DefaultStorageClassName standard String
    DefaultStorageSize 100M Int
    DefaultDatabaseUsername pgadmin String
    DefaultServiceType LoadBalancer String

    IMPORTANT: The default values for spec.memory, spec.CPU, spec.storageClassName, and spec.storageSize specify a very small Postgres instance that may be too limited for your use case.

Specifying Namespaces

The example yaml configuration manifest uses the default namespace, therefore this field is not specifically set in the file. If you wish to create instances in a different namespace, ensure that you have created your registry secrets in the new namespace and defined the namespace field in the yaml. For example, to create a postgres instance pg-instance-example in the postgres-databases namespace, edit the file accordingly:

apiVersion: sql.tanzu.vmware.com/v1
kind: Postgres
metadata:
  name: pg-instance-example
  namespace: postgres-databases
spec:
  memory: 800Mi
  cpu: "0.8"
  storageClassName: standard
  storageSize: 10G
  pgConfig:
     dbname: pg-instance-example
     username: pgadmin
  serviceType: LoadBalancer
  highAvailability:
     enabled: false
  backupLocationSecret:
     name:

Specifying Multiple Instances

You may create multiple Postgres instances with the same yaml file, separating the configurations with three ---:

apiVersion: sql.tanzu.vmware.com/v1
kind: Postgres
metadata:
  name: pg-instance-example
  namespace: postgres-databases
spec:
  memory: 800Mi
  cpu: "0.8"
  storageClassName: standard
  storageSize: 10G
  pgConfig:
     dbname: pg-instance-example
     username: pgadmin
  serviceType: LoadBalancer
  highAvailability:
     enabled: false
  backupLocationSecret:
     name:
---
apiVersion: sql.tanzu.vmware.com/v1
kind: Postgres
metadata:
  name: pg-mypostgres
  namespace: postgres-databases
spec:
  memory: 800Mi
  cpu: "0.8"
  storageClassName: standard
  storageSize: 10G
  pgConfig:
      dbname: my-postgres
      username: pgadmin
  serviceType: LoadBalancer
  highAvailability:
      enabled: false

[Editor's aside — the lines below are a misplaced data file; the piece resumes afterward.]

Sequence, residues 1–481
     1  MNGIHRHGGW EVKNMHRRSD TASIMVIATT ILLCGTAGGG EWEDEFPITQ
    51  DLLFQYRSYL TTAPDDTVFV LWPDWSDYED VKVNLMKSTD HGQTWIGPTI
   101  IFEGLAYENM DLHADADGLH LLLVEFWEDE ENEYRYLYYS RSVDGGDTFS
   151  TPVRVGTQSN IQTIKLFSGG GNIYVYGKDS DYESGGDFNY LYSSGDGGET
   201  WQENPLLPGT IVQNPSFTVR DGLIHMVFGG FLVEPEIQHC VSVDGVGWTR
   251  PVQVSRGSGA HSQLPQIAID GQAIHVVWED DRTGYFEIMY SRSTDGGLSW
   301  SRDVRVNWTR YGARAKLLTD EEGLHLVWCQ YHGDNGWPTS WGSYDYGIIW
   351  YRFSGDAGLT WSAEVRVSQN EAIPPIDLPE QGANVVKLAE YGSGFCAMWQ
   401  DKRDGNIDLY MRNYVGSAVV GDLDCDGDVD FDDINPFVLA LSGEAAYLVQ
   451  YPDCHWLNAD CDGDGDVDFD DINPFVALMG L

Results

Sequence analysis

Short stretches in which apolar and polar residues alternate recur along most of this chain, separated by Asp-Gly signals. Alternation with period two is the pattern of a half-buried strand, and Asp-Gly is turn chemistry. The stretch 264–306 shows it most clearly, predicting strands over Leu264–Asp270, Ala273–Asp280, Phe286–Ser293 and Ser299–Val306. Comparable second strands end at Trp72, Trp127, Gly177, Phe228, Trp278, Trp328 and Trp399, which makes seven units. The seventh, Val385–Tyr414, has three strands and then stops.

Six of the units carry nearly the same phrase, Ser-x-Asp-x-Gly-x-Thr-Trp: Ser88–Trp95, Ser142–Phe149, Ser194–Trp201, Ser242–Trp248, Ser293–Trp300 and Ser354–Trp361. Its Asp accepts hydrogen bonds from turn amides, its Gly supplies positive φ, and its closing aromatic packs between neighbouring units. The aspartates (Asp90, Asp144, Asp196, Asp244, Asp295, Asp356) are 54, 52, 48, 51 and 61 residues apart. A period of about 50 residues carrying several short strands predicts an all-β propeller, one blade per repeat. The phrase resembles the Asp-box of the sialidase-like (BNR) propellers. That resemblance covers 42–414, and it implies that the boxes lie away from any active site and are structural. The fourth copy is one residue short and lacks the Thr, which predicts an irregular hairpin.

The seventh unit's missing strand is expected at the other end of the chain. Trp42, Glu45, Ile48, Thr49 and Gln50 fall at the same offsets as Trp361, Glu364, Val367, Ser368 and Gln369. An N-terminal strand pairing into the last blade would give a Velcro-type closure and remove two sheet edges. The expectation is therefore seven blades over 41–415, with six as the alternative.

backupLocationSecret:
      name:

Custom Database Name and User Account

When creating a Postgres instance, the default database name matches the instance name, as described in step 2 in Configuring the Postgres Instance Manifest file.

To create a custom database name and account username, configure the pgConfig field values in the manifest file. The following example creates a Postgres instance called pg-instance-example, with a database named pg-instance-example and a user called pgadmin.

apiVersion: sql.tanzu.vmware.com/v1
kind: Postgres
metadata:
  name: pg-instance-example
spec:
  memory: 800Mi
  cpu: "0.8"
  storageClassName: standard
  storageSize: 10G
  pgConfig:
     dbname: pg-instance-example
     username: pgadmin
  ....

Where:

  • dbname (optional) is the name of the default database created when the Postgres instance is initiated. The dbname string must be less than 63 characters, and can contain any characters and capitalization. If the dbanme field is left empty, the database name defaults to the instance name.
  • username (optional) is the database username account for the specified database. By default this user inherits all Read/Write permissions to all databases in the instance. If left empty, the default username is pgadmin.

Deploying a Postgres Instance

  1. Request a Postgres instance using your manifest file.

    $ kubectl apply -f pg-instance-example.yaml
    
    postgres.sql.tanzu.vmware.com/pg-instance-example created
    

    The Postgres operator deploys the resources according to your specification, and also initializes the Postgres instance. If there are no existing Persistent Volume Claims (PVC) for the instance, new PVCs are created and used for the deployment. If a PVC for the instance already exists, it is used as-is with the available data.

  2. Check the status of the instance to verify that it was created successfully:

    $ kubectl get postgres/pg-instance-example
    

    You should see output similar to:

    NAME                   STATUS    AGE
    pg-instance-example   Created    28s
    

Using the Postgres Instance

Use the locally installed kubectl tool (pre-authenticated to securely access the Kubernetes cluster) to run the psql utility on the pg-instance-example-0 pod:

$ kubectl exec -it pg-instance-example-0 -- bash -c "psql"
psql (11.5-3.ubuntu1804.pivotal)
Type "help" for help.

postgres=# \l
                                 List of databases
Name               |  Owner   | Encoding  | Collate | Ctype |   Access privileges
----------------------+----------+-----------+---------+-------+-----------------------
postgres             | postgres | SQL_ASCII | C       | C     |
template0            | postgres | SQL_ASCII | C       | C     | =c/postgres          +
                     |          |           |         |       | postgres=CTc/postgres
template1            | postgres | SQL_ASCII | C       | C     | =c/postgres          +
                     |          |           |         |       | postgres=CTc/postgres
pg-instance-example  | postgres | SQL_ASCII | C       | C     |
(4 rows)

(Enter \q to exit the `psql` utility.)

The newly created database uses UTF-8 encoding. To verify the encoding run:

postgres=# show server encoding;
server_encoding
-----------------
 UTF8
(1 row)

See also Accessing a Postgres Instance in Kubernetes.

check-circle-line exclamation-circle-line close-line
Scroll to top icon